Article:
“But as NFL players, we have a platform. And as Americans, we have a responsibility to speak up for those who cannot speak for themselves. Our intention was to raise awareness and continue critical conversations about real equality, the injustices against black and brown people, police brutality, respect, unity and equal opportunity. Our players are hurting, our people are hurting, our neighborhoods are hurting, and kneeling was a direct response to that hurt.”

The Colts’ players and coaches locked arms and stood Sunday night. On the other sideline, at least eight Seahawks — including defensive players Michael Bennett, Cliff Avril and Frank Clark — sat. (Bennett is suing the Las Vegas Police Department over its use of force against him following the Floyd Mayweather-Conor McGregor fight in Las Vegas; Bennett alleges officers held a gun to his head.) Seattle’s sideline otherwise looked standard, with players clustered around the sideline randomly, some swaying and some holding a hand over their heart.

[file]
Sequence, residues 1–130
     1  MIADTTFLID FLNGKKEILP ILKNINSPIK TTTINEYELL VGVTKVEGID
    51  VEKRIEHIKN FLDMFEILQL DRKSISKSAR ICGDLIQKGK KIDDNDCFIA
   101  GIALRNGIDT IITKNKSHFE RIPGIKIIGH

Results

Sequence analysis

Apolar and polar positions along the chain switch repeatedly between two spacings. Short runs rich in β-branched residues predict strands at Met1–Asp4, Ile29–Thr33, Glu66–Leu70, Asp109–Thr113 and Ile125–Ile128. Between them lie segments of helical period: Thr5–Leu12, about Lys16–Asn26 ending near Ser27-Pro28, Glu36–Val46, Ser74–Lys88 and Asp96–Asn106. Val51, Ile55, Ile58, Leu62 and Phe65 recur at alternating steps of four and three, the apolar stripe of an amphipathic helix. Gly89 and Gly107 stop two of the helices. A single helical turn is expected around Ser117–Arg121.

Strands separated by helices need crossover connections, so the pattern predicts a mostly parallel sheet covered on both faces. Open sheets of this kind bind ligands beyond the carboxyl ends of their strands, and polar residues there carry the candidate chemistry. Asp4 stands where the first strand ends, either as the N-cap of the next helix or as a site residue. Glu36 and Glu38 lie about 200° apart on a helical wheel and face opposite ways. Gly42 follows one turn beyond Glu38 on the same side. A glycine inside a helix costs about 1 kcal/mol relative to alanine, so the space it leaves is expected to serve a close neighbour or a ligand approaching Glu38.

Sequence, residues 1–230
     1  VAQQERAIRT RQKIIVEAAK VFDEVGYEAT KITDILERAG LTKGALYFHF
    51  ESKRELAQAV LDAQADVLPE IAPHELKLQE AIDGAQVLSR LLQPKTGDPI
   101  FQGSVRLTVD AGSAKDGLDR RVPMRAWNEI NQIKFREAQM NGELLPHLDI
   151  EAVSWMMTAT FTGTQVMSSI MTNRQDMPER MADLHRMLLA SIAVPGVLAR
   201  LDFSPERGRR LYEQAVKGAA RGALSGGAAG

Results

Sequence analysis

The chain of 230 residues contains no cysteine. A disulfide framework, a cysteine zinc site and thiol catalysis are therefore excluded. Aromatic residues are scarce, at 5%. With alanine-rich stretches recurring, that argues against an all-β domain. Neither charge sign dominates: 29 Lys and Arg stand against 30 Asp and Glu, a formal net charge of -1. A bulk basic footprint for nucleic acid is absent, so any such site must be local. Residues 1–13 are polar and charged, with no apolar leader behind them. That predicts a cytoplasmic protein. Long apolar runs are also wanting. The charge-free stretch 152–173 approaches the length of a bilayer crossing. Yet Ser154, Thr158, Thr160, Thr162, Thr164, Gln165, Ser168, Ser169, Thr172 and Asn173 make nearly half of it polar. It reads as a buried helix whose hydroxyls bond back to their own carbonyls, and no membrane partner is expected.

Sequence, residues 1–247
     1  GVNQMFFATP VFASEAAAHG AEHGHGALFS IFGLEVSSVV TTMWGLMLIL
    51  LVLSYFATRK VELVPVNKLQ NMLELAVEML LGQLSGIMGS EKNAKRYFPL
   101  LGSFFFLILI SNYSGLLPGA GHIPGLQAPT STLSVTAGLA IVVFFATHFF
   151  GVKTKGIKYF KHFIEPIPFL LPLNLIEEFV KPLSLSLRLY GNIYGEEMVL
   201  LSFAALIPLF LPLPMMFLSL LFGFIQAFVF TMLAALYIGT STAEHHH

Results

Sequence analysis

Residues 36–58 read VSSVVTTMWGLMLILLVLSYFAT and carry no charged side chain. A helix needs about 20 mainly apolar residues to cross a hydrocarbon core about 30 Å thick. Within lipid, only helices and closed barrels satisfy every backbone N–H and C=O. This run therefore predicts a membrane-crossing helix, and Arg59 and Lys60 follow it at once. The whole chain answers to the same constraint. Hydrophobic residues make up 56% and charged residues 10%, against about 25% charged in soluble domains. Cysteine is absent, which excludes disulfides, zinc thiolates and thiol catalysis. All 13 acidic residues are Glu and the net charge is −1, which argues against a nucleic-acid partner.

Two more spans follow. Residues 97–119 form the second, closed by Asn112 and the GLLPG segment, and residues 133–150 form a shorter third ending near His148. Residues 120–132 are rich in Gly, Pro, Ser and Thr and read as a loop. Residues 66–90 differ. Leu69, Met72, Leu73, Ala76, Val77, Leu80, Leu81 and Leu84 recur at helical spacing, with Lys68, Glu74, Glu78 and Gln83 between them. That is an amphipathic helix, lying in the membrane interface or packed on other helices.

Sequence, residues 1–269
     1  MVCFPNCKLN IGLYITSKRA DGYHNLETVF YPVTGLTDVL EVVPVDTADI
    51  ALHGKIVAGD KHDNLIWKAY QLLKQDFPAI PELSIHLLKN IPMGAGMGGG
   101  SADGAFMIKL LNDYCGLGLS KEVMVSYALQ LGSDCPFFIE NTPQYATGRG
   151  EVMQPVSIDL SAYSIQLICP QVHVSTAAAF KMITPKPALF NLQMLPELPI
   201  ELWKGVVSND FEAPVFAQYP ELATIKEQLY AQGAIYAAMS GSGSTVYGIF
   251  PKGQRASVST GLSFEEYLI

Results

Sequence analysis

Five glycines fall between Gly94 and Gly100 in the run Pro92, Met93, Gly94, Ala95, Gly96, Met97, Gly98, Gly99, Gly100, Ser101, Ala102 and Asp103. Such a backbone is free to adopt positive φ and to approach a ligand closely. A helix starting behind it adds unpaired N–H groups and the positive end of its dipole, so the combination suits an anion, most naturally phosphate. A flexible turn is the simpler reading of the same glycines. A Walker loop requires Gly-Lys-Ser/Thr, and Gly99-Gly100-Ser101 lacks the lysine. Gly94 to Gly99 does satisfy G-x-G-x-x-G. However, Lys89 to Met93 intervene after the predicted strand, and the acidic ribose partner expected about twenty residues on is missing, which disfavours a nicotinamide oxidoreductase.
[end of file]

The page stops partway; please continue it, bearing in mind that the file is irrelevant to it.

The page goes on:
Playing in London at 9:30 a.m. in the Eastern time zone, the Miami Dolphins and New Orleans Saints provided a preview of the disjointed day to come. Three Dolphins — Kenny Stills, Julius Thomas and Michael Thomas — knelt on Miami’s sideline during the anthem. The Saints submitted a team-wide attempt to find middle ground between protest and unity, kneeling with arms locked during the coin toss and standing for the anthem. The entire team took part after 10 Saints knelt or sat on the bench last week. Quarterback Drew Brees called the demonstration “a way to show respect to all.”

A little over 24 hours earlier, President Trump had tweeted at NFL players over the anthem, writing: “Very important that NFL players STAND tomorrow, and always, for the playing of our National Anthem. Respect our Flag and our Country!”

Last weekend, networks showed anthems in full. This week, Fox Sports showed the anthem in London, performed by Darius Rucker, but did not do so for its 1 p.m. games.